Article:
Please can someone release the phrase “the will of the British people” from being held hostage by the right wing for use as a ‘one size fits all’ slogan to dismiss any anti-Brexit argument they don’t like.

52% of the 36% of people who voted does not, and never will amount to the will of the people and that’s even before we get into the details of Scotland, Northern Ireland, London voting to stay.

Brexit Vote SplitsThe chart shows the three segments of the electorate split by Leave, Remain, Did Not Vote. However hard you try, Leavers, you can’t reasonably claim any result this close reflects the will of the people.  Even if Remain had won, I’d freely admit my side would have just as big a problem in claiming bragging rights – unfinished business as Nigel calls it.  That’s why Cameron’s approach to the referendum was a piece of political ineptitude for the ages; no government should ever commit to such colossal constitutional change on so fine a margin.  Let’s not forget, one vote either way would theoretically have been enough.

And yet, on such a slender sliver of intent, we attempt to balance the future weight of history!

In my professional life, if I went to my executive board with a proposal to abandon our existing business strategy, though they might consider the discussion, they would certainly ask for evidence as to why I thought this was a good idea and a summary of the benefits and likely impacts.  And were I to offer them a) a pie chart showing a three way split between customers saying “do it”, customers saying “don’t do it” and a third saying “we don’t know”, b) a risk assessment based on nothing more than my own hunches (who needs experts), I’d be looking for a new job by Monday morning.  No responsible person would bet their livelihood on such a flaky proposition. But a nation?  Sure, bring it on.

Herein lies the big issue with our ‘democratic process’. Without robust protections, such as a supermajority threshold, referenda are little more than opinion polls, “Russian roulette for republics” as Kenneth Rogoff (former chief economist of the IMF) described them. Even Margaret Thatcher, who could hardly be described as an EU sympathiser referred to them as “a device of dictators and demagogues”. As an exercise in populism, they permit just about anyone to claim centre stage if they have enough character, or more pertinently, cash to do so. And so we have a movement which will irrevocably change Britain in ways that no one can be certain, funded by unaccountable millionaire businessmen like Aaron Banks and dominated by charismatic fringe politicians, such as Nigel Farage, who are never remotely likely to lead a government.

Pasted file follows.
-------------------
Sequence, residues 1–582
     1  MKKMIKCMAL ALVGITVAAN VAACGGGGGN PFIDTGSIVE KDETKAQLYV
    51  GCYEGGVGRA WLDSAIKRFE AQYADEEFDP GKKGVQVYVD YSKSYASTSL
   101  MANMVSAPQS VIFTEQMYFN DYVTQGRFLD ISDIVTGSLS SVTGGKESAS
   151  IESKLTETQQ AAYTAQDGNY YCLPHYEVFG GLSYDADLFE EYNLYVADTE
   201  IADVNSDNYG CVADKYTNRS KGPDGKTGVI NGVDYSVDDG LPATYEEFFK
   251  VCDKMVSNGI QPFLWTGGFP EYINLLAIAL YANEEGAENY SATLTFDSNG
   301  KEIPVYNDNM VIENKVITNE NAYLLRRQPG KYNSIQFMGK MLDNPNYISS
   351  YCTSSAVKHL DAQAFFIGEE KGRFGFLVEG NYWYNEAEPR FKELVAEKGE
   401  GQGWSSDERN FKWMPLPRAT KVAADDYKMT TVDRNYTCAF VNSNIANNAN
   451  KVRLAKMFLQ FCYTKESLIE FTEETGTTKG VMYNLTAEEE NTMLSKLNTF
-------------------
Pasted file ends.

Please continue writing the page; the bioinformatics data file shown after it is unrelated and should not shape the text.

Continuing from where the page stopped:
Worse, these unelected voices have greatest influence over an older audience that is the least likely to live long enough to see the consequences of this policy unfurl.  Can there be anything more selfish and unfair than a 75 year old pensioner yelling ‘I want my country back’ in the face of a 25 year old care worker who has voted to remain in the European Union?  There is no getting away from the fact that Brexit is a policy overwhelmingly supported by the elderly but rejected by the young.

Brexit Vote By Age

Millennial voters, of course, are already vulnerable to pressure on their incomes. They’re more exposed to the travails of the gig economy than their forbears, so it’s they who will struggle during the period of economic uncertainty that looks certain to follow our departure from the EU.  So young people might reasonably ask if it’s fair that they should support elderly, retired voters who have made their lives harder than they needed to be.  The whole business feels like some time share scam which, let’s face it, retirees and pensioners have been known to fall for in the past. It’s as if the over 50’s have gone on a splurge with the inheritance of the under 25’s, but instead of an off plan development on the Costa Blanca that will never be built, it’s Brexit and a third runway at Heathrow (which most people in west London don’t want either!)

Not so much will of the people as wilful neglect.  And a tragedy for our country that I’m convinced will divide and disrupt the nation for years to come.